Session 3 began with a reflection of a change project that the participants have already been involved in. We were asked to reflect on our involvement in such a project and think about what steps we had taken to ensure change occurred with impact, as well as the threats to change that existed.
Some of the steps we identified were: appropriate staff training, making time for whole team discussion and collaboration both vertically (within departments) and horizontally (between departments), covering classes for teachers so that they could get out and observe new practice, identifying key players (later in the session I identified these as “early adoptors”) who were in position to help bring about the change, space and time for leadership to reflect on options for change, timing of communicating change, and taking the time to develop relationships to build trust.
Some of the threats to change that we identified were: low energy levels and the risk of burnout, too much to do to have time to look at the big picture, general resistance to change, and teacher workload.
We discussed the need to manage our own behaviour to ensure that a project could be a success. In international schools this can have the added complication that your colleagues also take the place of your family and friends; your support network. It can be all too easy to find yourself at home of an evening with your guard down and a comment can be made in front of a friend who is also a colleague.
The most insightful part of the day came when we turned our attention to particular models of change. This is new learning for me and excitingly provides a scaffold to really help me with my own work of implementing the IBDP at my current school. We looked at Kotter’s “8 steps of change” which, to me, is a model that focusses on the stakeholders and the structure of a change project. It provides a useful scaffold for thinking about a change project and therefore aids in planning it.
We then looked at the Kubler-Ross change curve, another model but one that focusses more on the human element and therefore provides a helpful model for thinking about the impacts on stakeholders – not just teachers, but parents and students too. The model could help explain why we have the parental problems we sometimes have and how to move them forward from those issues.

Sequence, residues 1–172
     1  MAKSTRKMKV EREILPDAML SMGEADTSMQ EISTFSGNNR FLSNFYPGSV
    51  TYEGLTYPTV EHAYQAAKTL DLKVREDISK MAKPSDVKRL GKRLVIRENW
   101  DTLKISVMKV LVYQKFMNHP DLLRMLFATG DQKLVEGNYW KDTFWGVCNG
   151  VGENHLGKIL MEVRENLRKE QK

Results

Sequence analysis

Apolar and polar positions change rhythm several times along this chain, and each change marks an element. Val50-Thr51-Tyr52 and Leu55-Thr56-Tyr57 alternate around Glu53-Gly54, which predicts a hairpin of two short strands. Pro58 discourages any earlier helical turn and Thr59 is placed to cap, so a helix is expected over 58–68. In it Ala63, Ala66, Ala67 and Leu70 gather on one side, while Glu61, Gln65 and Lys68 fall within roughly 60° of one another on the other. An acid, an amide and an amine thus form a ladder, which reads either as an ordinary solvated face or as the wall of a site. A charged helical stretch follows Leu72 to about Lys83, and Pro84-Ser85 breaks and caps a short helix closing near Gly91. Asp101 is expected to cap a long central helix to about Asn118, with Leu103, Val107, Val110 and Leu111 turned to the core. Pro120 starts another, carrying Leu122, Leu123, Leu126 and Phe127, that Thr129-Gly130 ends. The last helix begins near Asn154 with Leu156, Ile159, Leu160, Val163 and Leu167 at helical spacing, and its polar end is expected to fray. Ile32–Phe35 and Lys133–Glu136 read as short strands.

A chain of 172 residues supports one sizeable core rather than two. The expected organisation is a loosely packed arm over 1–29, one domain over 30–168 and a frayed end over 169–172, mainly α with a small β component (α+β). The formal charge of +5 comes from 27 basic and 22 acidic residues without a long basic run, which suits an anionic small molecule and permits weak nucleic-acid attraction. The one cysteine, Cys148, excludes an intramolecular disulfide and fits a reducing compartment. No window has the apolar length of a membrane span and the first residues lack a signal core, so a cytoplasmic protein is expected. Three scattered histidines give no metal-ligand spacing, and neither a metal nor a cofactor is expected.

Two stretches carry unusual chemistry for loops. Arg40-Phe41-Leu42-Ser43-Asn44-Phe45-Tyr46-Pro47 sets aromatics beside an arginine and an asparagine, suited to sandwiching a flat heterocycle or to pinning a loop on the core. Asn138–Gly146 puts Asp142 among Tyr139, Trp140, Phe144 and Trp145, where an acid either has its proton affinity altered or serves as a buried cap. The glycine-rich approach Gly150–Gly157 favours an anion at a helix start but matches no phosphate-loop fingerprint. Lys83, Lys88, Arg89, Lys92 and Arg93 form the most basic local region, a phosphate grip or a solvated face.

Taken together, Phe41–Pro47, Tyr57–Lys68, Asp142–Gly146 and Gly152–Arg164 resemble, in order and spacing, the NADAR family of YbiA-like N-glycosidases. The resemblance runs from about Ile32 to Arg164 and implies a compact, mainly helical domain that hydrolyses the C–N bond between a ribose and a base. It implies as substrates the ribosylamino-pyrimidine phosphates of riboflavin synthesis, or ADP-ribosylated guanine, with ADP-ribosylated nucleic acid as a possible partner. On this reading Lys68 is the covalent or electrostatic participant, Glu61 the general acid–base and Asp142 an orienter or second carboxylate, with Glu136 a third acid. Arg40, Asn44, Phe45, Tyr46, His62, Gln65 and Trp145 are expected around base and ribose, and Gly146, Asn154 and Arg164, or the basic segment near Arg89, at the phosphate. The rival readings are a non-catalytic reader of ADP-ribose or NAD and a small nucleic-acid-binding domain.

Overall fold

The second half of the day considered leadership behvaiour for successful leadership: Commitment, Collaboration, Personal Drive, Resilience, Awareness, Integrity and Respect. It was interesting during these session to reflect on my previous experiences. I can identify a time when good leaders have catalyzed me and moved me forward in my own thinking, or even got me thinking. None of these characteristics particularly stick out, although I would agree that they are important, but also good leaders, I think, are inspiring. They excite and challenge you to be more in your thinking and behavior.
Another useful point of the day was when we considered Roger’s adoptive categories. This was really interesting. It presented a way to think about approaching the role out of a project. Thinking about the last eight months, I can definitely idenftify colleagues who were early adoptors or innovators, providing support to the changes I have been trying to bring about. Knowledge of this model, once again provides a useful scaffold but one for building relationships as we move through the change process. Here we also identified the category of laggards, and sought reasons as to why individuals may resist change and how we can overcome this.
Before the final coaching session where we were able to spend time thinking about the development of our project, we considered the different styles of leadership and when these may or may not be appropriate. It made me once again think of prior leaders and really question what they were doing. I remember being frustrated at times, when decisions needed to be made and they weren’t – I put this squarely at the feet of leaders who were using an inappropriate leadership style for the situation. On reflection, I now have some clarity about why this year is proving so challenging. Sure, I have been teaching the IBDP since 2008 and guidance counseling since 2015, and I am no stranger to challenges and setting up new programs having had some particularly trying years doing so particularly 2016-2017, where my guidance counseling hours were reduced but the class sizes remained the same. That year I was setting up a program, teaching four classes of Biology, one class of TOK and running the DofE’s International Award. It was a frustrating year where I felt unlistened to and unsupported by leaders who just didn’t seem to get it. This year is different. My leaders get it. They are supportive but the real challenge comes not from learning another new job; DP Coordination, but learning this new job and learning how to effectively lead it at the same time, in addition to learning about college counseling in Asia.